Hikers Need Rescue After Following Non-Existent Trail On Google Maps

After several hikers got lost while following a trail on Google Maps, a search-and-rescue group in British Columbia has released some sage advice: Don’t use Google Maps for hiking.

In the last two months, two separate hikers got lost and needed rescue while following a Google Maps trail north of Mount Fromme, an area with steep cliffs located near Vancouver. A third hiker died in the area two years ago in the same area, the CBC reported.

The search-and-rescue group, North Shore Rescue, has now successfully petitioned Google to have the non-existent trail removed from its map app, it announced Nov. 6 on Facebook.

There are several “lessons learned” the group shared in its post. First, if you’re going to hike with a phone as guidance, try to use an app made specifically for hiking, like CalTopo or Gaia. Second, they recommend “a good old fashioned paper map and compass.”

The Three T’s

This is also another good reminder to always practice the Three T’s:

  • Trip planning (research beyond looking at Google Maps would have shown no trails in this area).
  • Taking the essentials: This individual had minimal gear, inappropriate footwear for the terrain, and no flashlight making it impossible to spot him from the helicopter in the prevailing environmental conditions),” North Shore Rescue wrote.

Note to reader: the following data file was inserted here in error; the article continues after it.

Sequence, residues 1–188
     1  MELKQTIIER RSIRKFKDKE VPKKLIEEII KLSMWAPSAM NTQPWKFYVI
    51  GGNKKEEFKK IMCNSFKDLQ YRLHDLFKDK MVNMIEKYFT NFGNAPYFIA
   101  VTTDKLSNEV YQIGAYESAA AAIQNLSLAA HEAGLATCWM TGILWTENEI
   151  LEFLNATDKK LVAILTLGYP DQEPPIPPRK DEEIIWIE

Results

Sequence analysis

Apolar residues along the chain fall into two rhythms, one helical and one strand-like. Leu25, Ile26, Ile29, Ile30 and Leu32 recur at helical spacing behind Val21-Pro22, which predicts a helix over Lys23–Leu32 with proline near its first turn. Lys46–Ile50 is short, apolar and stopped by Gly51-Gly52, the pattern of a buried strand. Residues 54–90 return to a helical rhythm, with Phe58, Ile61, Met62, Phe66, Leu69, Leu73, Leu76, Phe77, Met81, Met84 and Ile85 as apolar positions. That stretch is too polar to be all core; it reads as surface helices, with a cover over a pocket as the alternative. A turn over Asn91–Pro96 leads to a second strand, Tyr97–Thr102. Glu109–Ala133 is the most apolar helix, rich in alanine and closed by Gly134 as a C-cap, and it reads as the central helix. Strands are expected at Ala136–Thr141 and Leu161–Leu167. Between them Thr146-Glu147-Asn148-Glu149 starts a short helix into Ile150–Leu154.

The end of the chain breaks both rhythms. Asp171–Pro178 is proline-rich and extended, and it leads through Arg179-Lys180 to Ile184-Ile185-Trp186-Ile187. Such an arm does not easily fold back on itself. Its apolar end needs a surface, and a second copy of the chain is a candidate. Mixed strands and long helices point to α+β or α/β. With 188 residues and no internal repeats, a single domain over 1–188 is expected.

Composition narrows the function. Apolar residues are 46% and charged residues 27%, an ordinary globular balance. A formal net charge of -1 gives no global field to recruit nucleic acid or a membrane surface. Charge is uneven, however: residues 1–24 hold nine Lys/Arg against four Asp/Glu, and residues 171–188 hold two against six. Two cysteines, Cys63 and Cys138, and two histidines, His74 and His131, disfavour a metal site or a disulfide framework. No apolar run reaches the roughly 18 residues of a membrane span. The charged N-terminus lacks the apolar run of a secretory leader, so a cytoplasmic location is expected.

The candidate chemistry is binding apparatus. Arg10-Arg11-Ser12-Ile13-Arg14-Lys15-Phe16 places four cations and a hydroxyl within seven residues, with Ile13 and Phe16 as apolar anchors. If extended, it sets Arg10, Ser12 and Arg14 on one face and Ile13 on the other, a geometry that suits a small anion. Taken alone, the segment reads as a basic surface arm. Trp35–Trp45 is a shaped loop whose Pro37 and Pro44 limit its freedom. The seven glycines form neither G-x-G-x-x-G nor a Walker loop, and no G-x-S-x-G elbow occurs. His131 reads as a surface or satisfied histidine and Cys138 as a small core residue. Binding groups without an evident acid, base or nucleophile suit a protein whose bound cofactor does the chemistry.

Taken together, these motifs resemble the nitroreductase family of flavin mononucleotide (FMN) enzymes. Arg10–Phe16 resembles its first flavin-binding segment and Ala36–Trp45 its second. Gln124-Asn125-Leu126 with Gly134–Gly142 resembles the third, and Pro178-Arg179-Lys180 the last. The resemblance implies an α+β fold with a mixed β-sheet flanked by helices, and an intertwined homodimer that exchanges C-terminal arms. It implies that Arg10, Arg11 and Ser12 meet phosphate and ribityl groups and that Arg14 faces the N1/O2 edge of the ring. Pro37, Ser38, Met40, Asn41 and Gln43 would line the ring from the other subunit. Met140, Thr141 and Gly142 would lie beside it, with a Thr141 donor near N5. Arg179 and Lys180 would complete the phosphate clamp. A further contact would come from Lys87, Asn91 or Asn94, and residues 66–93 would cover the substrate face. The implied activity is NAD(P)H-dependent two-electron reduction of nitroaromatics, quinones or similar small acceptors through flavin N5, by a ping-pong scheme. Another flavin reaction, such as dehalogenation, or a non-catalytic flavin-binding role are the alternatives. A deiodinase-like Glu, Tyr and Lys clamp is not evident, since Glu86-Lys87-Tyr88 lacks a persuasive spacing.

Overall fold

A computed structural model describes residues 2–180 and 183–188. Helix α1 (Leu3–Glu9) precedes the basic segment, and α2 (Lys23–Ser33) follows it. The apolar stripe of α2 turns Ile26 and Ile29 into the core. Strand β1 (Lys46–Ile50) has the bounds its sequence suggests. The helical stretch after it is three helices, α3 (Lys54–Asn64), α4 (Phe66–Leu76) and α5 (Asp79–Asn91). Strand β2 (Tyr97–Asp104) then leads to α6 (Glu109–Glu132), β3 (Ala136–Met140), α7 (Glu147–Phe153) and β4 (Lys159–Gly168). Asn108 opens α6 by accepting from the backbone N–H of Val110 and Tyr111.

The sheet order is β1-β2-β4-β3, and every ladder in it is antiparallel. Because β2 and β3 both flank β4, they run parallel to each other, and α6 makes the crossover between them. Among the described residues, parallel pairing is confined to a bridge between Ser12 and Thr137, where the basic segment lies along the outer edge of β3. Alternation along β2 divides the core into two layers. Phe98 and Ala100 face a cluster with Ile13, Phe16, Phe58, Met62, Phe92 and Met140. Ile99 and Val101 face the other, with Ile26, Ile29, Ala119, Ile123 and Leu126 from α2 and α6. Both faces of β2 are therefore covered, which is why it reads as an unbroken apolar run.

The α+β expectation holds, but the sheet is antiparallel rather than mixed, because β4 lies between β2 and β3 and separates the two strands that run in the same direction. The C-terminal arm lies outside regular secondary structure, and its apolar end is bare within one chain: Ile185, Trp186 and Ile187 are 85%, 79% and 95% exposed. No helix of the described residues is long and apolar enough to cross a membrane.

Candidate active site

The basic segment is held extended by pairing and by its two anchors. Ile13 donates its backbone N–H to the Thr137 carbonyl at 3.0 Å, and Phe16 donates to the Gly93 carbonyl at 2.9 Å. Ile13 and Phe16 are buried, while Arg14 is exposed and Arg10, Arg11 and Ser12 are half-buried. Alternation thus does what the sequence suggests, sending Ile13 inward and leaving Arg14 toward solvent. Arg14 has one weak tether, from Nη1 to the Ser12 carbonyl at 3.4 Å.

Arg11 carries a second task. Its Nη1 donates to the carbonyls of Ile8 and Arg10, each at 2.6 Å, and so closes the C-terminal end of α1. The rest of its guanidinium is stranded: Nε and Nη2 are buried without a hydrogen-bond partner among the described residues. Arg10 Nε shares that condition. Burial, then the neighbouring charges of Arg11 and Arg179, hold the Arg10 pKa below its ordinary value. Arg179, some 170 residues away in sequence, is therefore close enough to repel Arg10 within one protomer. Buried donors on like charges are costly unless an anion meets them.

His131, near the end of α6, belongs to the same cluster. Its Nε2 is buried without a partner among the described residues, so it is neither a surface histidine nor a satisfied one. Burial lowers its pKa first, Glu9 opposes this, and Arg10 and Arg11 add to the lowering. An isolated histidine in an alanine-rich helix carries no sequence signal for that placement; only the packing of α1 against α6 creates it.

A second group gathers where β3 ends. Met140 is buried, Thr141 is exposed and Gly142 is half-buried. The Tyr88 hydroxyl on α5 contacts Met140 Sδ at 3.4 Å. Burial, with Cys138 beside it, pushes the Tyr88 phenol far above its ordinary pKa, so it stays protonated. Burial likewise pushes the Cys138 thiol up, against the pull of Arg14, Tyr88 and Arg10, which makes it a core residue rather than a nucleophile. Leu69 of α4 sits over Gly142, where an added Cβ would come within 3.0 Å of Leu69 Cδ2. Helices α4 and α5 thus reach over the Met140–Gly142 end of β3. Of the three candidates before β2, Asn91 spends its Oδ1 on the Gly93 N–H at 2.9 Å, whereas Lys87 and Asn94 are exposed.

• Training: Obtain the knowledge and skills you need before heading out. Also, know and stay within your limits.

On Nov. 4, the group rescued a hiker stranded on a cliff on the backside of Mount Fromme. The hiker had “attempted to climb Fromme from the Kennedy Falls area,” the group said.

That echoed another rescue from a month earlier in the same area. A hiker called 911 while stuck on a cliff on the backside of Mt Fromme.

“The hiker phoned 911 and said he was hanging on and wasn’t sure how long he could [keep] holding on,” North Shore Rescue reported. It described a complicated helicopter operation to rescue the stranded hiker.

“This subject was located exactly on the cliff where a hiker fell to his death two years ago,” North Shore Rescue wrote. “The back of Mt Fromme is extremely steep and dangerous.”

It’s not the first time that Google Maps has led hikers astray. A handful of hikers on Scotland’s Ben Nevis were injured in 2021 after the map app led to technical terrain.

That led Mountaineering Scotland and the John Muir Trust to issue warnings about the dangers of relying on digital technology to navigate wild places.

So if you’re looking to go exploring, it might be time to lay the phone aside and brush up on your compass skills.

Andrew McLemore

An award-winning journalist and photographer, Andrew McLemore brings more than 14 years of experience to his position as Associate News Editor for Lola Digital Media. Andrew is also a musician, climber and traveler who currently lives in Medellin, Colombia. When he’s not writing, playing gigs or exploring the outdoors, he’s hanging out with his dog Campana.